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Coal expansion in Turkey hits headwinds, 70GW canceled or delayed since 2009

first_imgCoal expansion in Turkey hits headwinds, 70GW canceled or delayed since 2009 FacebookTwitterLinkedInEmailPrint分享Platts:Turkey’s plans to expand its thermal coal-fired power plant fleet have largely fallen by the wayside as the country grapples with a combination of economic and social headwinds, clouding what otherwise would have been one of the Atlantic market’s few bright spots for demand.An estimated 70 GW of planned capacity has either been cancelled or indefinitely postponed since 2009, leaving the country with 85 operating coal-fired power plants and a total operating capacity of 19 GW, according to a review of the Turkish government data and web sources. An additional 33 GW is under various stages of planning, with only 2 GW under construction.“There are quite a number of projects that will never see daylight,” a Turkish utility source said. “The ones that will burn imported hard coals are definitely dead due to diminishing availability of soft loans and Turkey’s strong policy for decreasing the current account deficit.”President Recep Erdogan’s strategy to shift utility purchases away from imported thermal coal toward domestic lignite, due to the impact energy imports are having on Turkey’s balance of trade, had been expected to fuel domestic plant construction near lignite mines, the utility source said. But the policy appears to have ground to a halt, as proposed lignite projects have been halted by strong environmentalist opposition.“With Turkey’s economy likely to contract in CY 19 and grow only slightly in CY 20, electricity demand and coal imports should continue to be limited,” Platts Analytics said.Joe Aldina at Platts Analytics said: “Some slowing in Turkey’s imports was more or less the consensus view for 2019. But there was a longer-term expectation that Turkey would be one of the few bright spots for coal demand growth in the Atlantic Basin and a number of coal sellers, particularly from the US, were looking to Turkey as an outlet for production as European imports slow (and domestic US coal demand falls). New tariffs on US coal implemented this year dash the short-term hopes of sending more US coal to Turkey, but there was still the hope that Turkey could be a longer-term partner for US suppliers.”More: Turkish coal-fired plant expansion stalls, with 70 GW shelved since 2009last_img read more

Kate Cormack: All laws impose moral limits on our choices & bodily autonomy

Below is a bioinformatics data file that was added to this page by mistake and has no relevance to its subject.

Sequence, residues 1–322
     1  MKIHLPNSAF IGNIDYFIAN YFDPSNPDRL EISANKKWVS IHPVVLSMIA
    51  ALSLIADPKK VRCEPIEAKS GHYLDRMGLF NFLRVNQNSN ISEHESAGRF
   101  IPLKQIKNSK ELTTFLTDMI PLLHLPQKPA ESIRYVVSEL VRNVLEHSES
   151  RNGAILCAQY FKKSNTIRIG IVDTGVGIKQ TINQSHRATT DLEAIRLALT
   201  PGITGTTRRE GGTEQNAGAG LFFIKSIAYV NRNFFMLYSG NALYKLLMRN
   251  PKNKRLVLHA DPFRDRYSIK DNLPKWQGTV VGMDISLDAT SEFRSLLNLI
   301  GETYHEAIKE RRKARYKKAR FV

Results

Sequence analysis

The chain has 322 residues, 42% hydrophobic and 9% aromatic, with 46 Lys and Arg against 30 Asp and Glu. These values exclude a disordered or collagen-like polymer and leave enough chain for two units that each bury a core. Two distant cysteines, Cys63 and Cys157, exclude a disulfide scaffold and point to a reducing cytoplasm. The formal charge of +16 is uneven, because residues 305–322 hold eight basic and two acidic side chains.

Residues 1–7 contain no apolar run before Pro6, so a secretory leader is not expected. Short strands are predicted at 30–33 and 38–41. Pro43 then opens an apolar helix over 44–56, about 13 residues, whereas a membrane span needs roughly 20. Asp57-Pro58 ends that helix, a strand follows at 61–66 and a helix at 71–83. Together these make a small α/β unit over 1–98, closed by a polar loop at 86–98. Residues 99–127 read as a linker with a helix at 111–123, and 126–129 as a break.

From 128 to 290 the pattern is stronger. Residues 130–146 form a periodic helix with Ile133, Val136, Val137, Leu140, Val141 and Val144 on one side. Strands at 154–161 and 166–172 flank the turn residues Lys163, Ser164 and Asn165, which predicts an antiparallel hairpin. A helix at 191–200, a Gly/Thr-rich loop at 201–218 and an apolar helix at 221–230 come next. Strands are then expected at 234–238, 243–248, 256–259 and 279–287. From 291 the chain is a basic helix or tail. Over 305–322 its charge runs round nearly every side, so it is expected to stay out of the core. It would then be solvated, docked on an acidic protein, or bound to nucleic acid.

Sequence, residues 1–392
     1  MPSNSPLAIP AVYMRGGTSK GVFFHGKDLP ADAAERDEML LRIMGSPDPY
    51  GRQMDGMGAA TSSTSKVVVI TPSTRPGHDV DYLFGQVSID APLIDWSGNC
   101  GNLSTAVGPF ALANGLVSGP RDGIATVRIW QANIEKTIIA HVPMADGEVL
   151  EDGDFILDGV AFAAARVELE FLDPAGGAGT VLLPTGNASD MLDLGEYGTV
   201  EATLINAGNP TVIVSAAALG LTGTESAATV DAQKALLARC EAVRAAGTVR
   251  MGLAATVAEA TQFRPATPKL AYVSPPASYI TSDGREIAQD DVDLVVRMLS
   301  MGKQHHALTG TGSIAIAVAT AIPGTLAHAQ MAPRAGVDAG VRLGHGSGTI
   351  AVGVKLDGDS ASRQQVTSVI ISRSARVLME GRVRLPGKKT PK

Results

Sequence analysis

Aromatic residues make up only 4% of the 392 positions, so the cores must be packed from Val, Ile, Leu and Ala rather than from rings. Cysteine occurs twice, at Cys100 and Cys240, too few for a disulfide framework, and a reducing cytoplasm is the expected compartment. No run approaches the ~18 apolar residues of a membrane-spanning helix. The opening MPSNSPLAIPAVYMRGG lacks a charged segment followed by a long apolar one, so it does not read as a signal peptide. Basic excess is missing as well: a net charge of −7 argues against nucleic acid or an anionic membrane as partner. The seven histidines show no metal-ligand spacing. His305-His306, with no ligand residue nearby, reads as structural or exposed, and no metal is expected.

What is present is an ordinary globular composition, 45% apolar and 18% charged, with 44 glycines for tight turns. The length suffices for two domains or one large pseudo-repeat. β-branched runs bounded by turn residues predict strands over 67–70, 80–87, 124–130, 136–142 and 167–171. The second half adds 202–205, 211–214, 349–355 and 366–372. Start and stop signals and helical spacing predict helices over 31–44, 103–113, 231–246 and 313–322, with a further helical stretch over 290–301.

first_imgBeing pro-life isn’t about tyranny, it’s about the exact oppositeStuff co.nz 3 June 2019Family First Comment: Boom! Kate Cormack destroys the arguments of ALRANZ’s American lobbyist Terri Ballamak..“No law can ever rightly be called a just law if it denies one group of human beings their fundamental human rights simply because they are deemed to be unwanted by another bigger and stronger group of human beings.”#chooselifeOPINION: In her latest opinion piece (published on Stuff, May 30), Terry Bellamak, head of the NZ abortion lobby group ALRANZ, has come out swinging against MP Alfred Ngaro. She even goes as far as to suggest that pro-lifers are promoters of tyranny.What Bellamak seems to be forgetting in the midst of her emotive hyperbole is the fundamental truth that all laws impose moral limits on our choices and bodily autonomy.I can’t consume excessive amounts of alcohol, get behind the wheel of a car, while claiming that any law intended to stop me from doing this is somehow a form of tyranny against my bodily autonomy.Nor can I assault another person in the street, and then claim that tyrants are forcing me to make unwilling sacrifices to cede to their moral demands if they intervene to try to bring an end to my actions.In fact, this same basic principle is true of all abortion laws as well. They too are based on a moral framework, and place limits on when, where and how abortions can legally take place.Or is Bellamak advocating we adopt an extreme approach to this issue? Does she envisage a New Zealand where there are no laws at all regarding abortion? That we should be free to abort anyplace, anyhow, and at anytime we like before the unborn child has left the birth canal?The important principle that she seems to have missed is that just and humane laws always balance personal choice against the common good of the wider community.No law can ever rightly be called a just law if it denies one group of human beings their fundamental human rights simply because they are deemed to be unwanted by another bigger and stronger group of human beings.Being pro-life isn’t about the promotion of tyranny, just the opposite in fact.* Kate Cormack is a media spokeswoman and educator for Voice for Life New Zealand.READ MORE: https://www.stuff.co.nz/life-style/113121733/being-prolife-isnt-about-tyranny-its-about-the-exact-opposite?cid=app-iPhoneKeep up with family issues in NZ. Receive our weekly emails direct to your Inbox.last_img read more